In an article published in 1982, the Honourable Louis-Philippe Pigeon made the following comments, at page 181:

[Translation] "Federal legislation must, of course, be drafted in accordance with the basic principle that the fundamental law is the common law, which is the foundation on which it is built (R. v. National Trust Co. [1933] S.C.R. 670). Only in a case where civil law is involved should an attempt be made to determine how to take civil law into account, with a view to application of the text in Quebec …"

This comment prompts us to mention one of the difficulties that may arise when we insert a civil law concept in a federal legislative text with a view to its application in Quebec: if it is not stipulated that the rules by which the provision is to be interpreted are the jus commune rules set out in the Civil Code, the courts are free to select rules that are contrary to the spirit of the civil law. We are well aware of the assimilating effect of such ambiguous situations in cases where the court of last resort is asked to rule on issues involving the Quebec civil law.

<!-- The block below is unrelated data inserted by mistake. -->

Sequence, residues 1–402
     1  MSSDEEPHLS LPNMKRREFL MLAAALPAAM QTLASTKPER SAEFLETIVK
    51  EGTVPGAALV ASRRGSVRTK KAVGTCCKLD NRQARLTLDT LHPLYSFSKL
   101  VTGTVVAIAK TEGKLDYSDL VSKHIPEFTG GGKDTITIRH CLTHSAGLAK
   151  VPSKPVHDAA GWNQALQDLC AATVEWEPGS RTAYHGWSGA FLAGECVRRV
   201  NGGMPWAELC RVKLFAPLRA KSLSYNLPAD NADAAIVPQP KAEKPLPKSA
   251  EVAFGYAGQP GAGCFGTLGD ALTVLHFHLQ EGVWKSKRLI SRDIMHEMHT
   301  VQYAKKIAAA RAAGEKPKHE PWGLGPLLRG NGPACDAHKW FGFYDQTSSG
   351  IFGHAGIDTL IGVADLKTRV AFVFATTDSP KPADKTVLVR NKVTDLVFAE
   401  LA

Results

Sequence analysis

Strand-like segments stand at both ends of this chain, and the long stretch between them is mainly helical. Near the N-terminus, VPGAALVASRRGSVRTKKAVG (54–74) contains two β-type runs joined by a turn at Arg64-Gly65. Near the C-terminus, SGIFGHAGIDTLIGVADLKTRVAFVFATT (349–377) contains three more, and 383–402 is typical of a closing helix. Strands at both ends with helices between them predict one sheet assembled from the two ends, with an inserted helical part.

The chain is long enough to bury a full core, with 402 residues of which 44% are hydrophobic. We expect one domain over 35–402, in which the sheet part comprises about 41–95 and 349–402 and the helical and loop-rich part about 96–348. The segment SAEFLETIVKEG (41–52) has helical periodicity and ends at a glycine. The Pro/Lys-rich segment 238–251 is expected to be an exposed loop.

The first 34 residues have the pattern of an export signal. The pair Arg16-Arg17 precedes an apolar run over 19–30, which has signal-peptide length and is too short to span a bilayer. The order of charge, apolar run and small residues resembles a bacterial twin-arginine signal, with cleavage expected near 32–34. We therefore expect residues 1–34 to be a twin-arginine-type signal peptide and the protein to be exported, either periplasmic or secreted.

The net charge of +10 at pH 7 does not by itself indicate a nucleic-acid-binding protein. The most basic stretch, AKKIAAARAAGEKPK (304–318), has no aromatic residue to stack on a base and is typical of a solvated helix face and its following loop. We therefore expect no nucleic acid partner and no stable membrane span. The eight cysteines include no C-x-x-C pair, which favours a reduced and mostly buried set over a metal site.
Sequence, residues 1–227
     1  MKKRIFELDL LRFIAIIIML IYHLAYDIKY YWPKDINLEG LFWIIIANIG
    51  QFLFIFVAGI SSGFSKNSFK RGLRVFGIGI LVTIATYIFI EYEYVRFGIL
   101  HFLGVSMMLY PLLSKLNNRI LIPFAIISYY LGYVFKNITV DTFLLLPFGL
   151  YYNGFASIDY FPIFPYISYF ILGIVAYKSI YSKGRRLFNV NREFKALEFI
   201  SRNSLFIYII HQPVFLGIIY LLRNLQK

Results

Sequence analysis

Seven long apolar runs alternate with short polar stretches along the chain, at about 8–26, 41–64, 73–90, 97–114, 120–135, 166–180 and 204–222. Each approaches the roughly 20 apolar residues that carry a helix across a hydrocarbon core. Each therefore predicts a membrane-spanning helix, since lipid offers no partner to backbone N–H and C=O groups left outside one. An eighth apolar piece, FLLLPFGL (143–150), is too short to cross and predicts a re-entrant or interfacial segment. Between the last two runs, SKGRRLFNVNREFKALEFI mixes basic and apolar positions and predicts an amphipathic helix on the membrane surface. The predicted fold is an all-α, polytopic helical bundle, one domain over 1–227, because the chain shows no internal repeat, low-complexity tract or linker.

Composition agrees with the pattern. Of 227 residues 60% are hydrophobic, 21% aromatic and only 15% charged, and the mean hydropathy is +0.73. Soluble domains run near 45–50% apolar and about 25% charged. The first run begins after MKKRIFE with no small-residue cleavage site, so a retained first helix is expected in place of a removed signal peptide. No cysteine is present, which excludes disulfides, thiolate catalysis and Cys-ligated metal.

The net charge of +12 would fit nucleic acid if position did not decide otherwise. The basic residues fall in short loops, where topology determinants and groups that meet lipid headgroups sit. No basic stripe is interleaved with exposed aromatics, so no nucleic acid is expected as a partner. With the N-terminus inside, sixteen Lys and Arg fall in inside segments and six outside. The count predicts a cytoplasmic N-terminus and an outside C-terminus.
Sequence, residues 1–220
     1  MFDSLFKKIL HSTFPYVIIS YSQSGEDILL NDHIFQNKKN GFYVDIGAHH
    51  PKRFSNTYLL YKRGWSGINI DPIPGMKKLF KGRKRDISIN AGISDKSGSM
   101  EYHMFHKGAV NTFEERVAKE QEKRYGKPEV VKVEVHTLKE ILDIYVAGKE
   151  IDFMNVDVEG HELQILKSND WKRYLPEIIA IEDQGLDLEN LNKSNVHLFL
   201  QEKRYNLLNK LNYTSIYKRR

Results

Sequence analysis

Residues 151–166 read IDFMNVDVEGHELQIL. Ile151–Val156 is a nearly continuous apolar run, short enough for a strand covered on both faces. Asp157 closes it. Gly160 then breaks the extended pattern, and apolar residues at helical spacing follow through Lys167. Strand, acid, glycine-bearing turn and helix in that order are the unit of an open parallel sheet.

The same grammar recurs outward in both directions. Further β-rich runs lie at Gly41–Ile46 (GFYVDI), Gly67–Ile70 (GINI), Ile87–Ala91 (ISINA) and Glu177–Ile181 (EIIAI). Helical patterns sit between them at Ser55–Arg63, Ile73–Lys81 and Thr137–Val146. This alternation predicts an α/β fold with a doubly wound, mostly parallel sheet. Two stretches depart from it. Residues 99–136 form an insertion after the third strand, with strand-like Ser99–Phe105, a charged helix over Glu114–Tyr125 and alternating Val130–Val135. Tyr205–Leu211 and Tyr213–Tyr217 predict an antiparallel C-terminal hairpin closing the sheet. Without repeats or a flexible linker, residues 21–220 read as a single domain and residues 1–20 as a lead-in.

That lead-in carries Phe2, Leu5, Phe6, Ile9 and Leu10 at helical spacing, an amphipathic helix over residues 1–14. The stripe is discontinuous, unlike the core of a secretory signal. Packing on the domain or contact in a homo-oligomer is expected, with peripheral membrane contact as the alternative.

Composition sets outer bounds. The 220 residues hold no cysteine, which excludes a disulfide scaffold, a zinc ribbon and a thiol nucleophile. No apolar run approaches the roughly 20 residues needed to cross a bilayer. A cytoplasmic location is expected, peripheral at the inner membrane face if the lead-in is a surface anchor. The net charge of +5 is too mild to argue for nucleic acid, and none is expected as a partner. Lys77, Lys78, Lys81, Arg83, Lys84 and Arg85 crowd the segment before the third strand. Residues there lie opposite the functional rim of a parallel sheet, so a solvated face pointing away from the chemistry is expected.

Accordingly, it is imperative that the texts in question, or perhaps another law of general application, specify the rules by which they are to be interpreted, in order to avoid any uncertainty as to the scope of provisions which have specific application in Quebec civil law.

Situations in which legal rights are in issue

In Quebec alone the government is involved in a great number of varying types of contracts and proceedings. We should first identify the types of situations and proceedings which are modified by the new Code and, second, make the necessary adjustments.

We have already done an initial identification of the points at which there is a connection between the Civil Code and federal government activity. They are as follows.

Contracts of adhesion, operating of business, co-operation agreements, superficies ownership, leases of immoveables, suretyship, contract of enterprise, contractual clauses that are contrary to the mandatory provisions of the new Civil Code, contracts for legal services, hypothecs on immoveables and deeds of sale.

In the area of taxation, the amendments affect the valuation of capital gains and the definitions of residence and charities. In the area of Crown liability, the concept of civil delict should be examined attentively.

In proceedings that have already been instituted, evidence and procedure will be governed by the new Code. In a case where the judgment confers rights, it will be governed by the new Code. We would note the new provisions in respect of legal hypothecs, extinctive prescription and arbitration clauses.